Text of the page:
Sun August 1:

Weather has cleared somewhat although the sky is still sullen. Wind has at least calmed so walking is more pleasant and fingers can fool with camera controls without gloves. A slight snow dusting has reached almost to sea level, covering the cliff side and fallen rocks but melting on when in contact with the wetter warmer tundra vegetation.

Tomorrow is our scheduled departure date from Truelove. Alfred calls Kenn Borek Air to confirm and finds out that currently there are no twin otters in Resolute. All planes have been grounded by fog down to the ground or are stuck elsewhere due to the same large storm system which passed through last night. Ah, a fitting demonstration how weather rules in the north! Patience is to be the order of the day.

Reading more journals, I come across a reference to rebuilt Thule sod houses somewhere along the coast in this area. We decide to search for them today and set out in a north-easterly direction. The land gently swells upwards, pillows of gray granite. A musk ox travels in the same direction, we trail along behind him. Its about 2 or 3 km to the coast, walking is pleasant although views, due to the fog, are limited to about 200 or 300 meters distance.

We stop to investigate each cove, knowing that marine based cultures would set up camp close to waters edge. And we find them or what is left of them: these ‘pre Dorset’ sites are basically tent rings with center hearths, located on cobble beaches. Many caches are in the area, all have been opened by previous archeologists or curious passersby. The ocean ice gurgles and grinds with the change of tide. We move on, looking specifically for the reconstructed site.


On the last possible cover, we find it. Rebuilt by Robert Park (department of Anthropology, U of Waterloo), it still stands. Three separate stone  platforms divide the living areas. The sleeping platforms are raised on stone slabs, its hollow underneath. The door, lintels and stone walls carefully set up. Like many old campsite, various bits of crunched bone fragments are scattered around. Somehow, it feels like of Disney like, an artificial (although instructive) theme park. All that’s missing are the actors dressed in furs. I like the decrepit atmosphere of the Cook site better.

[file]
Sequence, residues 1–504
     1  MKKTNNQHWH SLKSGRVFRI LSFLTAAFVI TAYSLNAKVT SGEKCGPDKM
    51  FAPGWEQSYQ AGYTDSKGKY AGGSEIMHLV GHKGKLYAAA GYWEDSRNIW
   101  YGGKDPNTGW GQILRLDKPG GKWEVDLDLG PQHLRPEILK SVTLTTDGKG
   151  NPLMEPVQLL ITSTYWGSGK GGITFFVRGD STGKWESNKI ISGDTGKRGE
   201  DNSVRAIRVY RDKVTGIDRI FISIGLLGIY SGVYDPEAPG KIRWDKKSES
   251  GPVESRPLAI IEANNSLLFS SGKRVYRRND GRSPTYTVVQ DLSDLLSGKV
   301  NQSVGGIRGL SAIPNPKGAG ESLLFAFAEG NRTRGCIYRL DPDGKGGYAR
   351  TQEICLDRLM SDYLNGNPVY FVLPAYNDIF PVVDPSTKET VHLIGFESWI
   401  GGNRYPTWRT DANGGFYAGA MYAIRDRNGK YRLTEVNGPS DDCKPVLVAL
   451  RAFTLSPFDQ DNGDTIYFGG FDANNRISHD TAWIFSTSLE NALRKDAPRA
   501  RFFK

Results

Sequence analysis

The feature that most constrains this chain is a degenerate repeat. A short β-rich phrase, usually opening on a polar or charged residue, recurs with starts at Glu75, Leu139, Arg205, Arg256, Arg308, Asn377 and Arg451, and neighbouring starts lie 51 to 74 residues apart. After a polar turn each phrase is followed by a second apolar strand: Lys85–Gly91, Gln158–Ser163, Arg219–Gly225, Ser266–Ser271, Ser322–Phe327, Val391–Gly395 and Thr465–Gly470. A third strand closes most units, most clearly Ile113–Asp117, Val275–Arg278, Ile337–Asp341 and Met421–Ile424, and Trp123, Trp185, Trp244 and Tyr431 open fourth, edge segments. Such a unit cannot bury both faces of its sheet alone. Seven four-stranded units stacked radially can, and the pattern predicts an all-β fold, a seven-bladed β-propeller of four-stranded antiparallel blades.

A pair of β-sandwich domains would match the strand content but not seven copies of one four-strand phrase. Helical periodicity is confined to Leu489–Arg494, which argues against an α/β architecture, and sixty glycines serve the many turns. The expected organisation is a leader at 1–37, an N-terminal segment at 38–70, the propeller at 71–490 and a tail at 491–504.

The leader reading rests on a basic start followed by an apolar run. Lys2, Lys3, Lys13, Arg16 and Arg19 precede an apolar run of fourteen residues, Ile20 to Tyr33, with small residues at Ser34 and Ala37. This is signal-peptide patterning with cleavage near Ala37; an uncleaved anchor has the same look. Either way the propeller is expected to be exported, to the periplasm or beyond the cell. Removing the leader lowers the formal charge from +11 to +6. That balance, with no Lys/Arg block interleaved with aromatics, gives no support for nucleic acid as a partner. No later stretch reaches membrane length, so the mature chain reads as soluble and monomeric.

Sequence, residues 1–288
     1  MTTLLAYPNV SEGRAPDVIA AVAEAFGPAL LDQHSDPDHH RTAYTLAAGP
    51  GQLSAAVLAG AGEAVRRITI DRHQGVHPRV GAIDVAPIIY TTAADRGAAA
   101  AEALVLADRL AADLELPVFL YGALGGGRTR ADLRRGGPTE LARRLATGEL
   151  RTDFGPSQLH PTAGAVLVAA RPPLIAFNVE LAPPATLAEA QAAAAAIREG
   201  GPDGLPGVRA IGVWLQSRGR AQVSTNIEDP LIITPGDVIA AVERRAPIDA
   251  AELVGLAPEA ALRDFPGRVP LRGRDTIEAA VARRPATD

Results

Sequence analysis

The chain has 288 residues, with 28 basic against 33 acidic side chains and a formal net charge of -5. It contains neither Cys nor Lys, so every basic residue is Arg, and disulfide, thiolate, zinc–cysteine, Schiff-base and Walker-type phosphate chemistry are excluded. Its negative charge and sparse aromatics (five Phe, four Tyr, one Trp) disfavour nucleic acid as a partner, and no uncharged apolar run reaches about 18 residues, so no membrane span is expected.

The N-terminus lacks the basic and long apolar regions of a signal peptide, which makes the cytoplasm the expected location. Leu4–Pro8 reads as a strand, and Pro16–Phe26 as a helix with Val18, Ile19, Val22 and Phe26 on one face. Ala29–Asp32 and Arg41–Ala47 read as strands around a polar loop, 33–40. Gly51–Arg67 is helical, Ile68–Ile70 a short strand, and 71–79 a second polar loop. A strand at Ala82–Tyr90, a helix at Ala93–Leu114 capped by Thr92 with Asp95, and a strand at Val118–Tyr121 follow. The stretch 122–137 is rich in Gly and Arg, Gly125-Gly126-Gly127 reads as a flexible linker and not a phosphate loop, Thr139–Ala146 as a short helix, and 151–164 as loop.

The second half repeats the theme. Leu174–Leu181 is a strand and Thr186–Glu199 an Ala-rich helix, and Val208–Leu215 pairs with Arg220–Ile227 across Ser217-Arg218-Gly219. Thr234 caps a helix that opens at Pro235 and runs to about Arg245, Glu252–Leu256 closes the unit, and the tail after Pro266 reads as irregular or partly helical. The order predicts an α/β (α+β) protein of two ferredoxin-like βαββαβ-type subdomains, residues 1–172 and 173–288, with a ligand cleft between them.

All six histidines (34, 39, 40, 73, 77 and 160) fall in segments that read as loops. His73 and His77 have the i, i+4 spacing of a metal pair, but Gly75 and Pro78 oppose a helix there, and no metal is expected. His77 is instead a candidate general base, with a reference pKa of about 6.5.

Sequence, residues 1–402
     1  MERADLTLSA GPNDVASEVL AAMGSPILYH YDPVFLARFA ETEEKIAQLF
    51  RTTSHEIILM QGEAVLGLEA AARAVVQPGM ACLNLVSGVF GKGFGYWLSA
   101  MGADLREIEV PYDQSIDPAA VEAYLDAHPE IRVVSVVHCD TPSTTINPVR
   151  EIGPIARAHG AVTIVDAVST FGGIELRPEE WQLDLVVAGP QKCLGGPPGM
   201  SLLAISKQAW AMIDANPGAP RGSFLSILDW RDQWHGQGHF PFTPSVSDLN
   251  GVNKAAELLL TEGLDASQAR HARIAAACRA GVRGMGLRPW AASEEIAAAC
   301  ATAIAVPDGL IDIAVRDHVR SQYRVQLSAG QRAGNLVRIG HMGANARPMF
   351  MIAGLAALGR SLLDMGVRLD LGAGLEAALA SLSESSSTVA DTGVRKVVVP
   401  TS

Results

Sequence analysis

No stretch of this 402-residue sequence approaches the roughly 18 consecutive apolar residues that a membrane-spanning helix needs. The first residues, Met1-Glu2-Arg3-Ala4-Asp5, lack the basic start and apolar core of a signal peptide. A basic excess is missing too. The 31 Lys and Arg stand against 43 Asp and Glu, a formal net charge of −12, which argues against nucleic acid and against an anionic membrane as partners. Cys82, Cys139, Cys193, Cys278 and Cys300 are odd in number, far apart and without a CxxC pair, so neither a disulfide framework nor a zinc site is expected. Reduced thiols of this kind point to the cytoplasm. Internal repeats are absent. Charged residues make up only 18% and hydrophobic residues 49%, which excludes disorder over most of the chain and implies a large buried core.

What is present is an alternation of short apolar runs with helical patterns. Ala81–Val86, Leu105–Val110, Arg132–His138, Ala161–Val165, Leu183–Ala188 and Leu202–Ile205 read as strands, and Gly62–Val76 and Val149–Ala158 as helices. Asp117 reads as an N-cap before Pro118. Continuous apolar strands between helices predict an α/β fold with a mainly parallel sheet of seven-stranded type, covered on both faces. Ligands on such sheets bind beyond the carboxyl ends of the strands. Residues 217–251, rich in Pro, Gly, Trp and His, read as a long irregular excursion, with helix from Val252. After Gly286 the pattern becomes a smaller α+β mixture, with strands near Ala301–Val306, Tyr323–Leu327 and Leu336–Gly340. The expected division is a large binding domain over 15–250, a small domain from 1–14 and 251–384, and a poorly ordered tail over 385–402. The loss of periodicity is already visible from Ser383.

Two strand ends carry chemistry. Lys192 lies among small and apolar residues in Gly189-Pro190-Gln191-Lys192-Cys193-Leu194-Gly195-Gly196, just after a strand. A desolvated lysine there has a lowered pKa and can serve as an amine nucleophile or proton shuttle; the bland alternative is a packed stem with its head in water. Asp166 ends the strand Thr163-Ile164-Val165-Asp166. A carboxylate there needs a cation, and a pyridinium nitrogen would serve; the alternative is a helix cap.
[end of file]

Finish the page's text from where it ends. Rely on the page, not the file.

We wander back across the tundra, pushed by wind, pulled by light. After sheltering behind some rocks for lunch, we boldly swing by 11 musk ox on the opposite side. They eye us but don’t move off,  I dare only approach within 10 meters,  close enough to study the brown pupil of the large adult male and white hair under the eyeball….there seems to be one small newborn, two larger yearlings and the rest sub adults or adults. I clamber up on top a large rock, feeling less nervous than being at their ground level. With this, they wheel and thunder back along a gravel esker, inland.

Back to hut for food. Expedition appetites have really kicked in, I’m always hungry and want for more. Another call to Kenn Borek, they are not sure about a pick up tomorrow, weather is already bad and expected to get worse. Seems we will be here for another day or so, which is not a problem with sufficient fuel. If worst came to worst, we could pilfer from the old kitchen supplies long abandon on site ( with ‘best before dates’ – 4 or 5 years prior).

We’ve never made it all the way out to the end of Truelove Point – it extends some 1 km beyond the mainland and 5 km from camp. A suitable destination for a lazy evening stroll! The sun peeks through the clouds, teasing us with great golden reflections over the calm ocean. It’s a long way out and with photos, a 2 hour stroll stopping for photos, tent ring, bone fragment and cairn inspections.

I feel truly exposed, out on a limb, with absolutely no shelter. The land is pancake flat -rocks are shattered shards of crushed yellow sandstone, an old ocean floor. Bits of chipped weather wood, tumbled in caches decorate tiny coves. I find a chunk of walrus jaw with three peg teeth remaining, ground smooth from use. Golden or black bellied plover whistle their musical melody, plumage seems to be in transition, thus not sure who is singing but lovely none the less. Its pure poetry as the midnight sun reaches its lowest ebb in the 24 hours cycle. We head back to camp for a midnight feast and celebrate our good fortunes.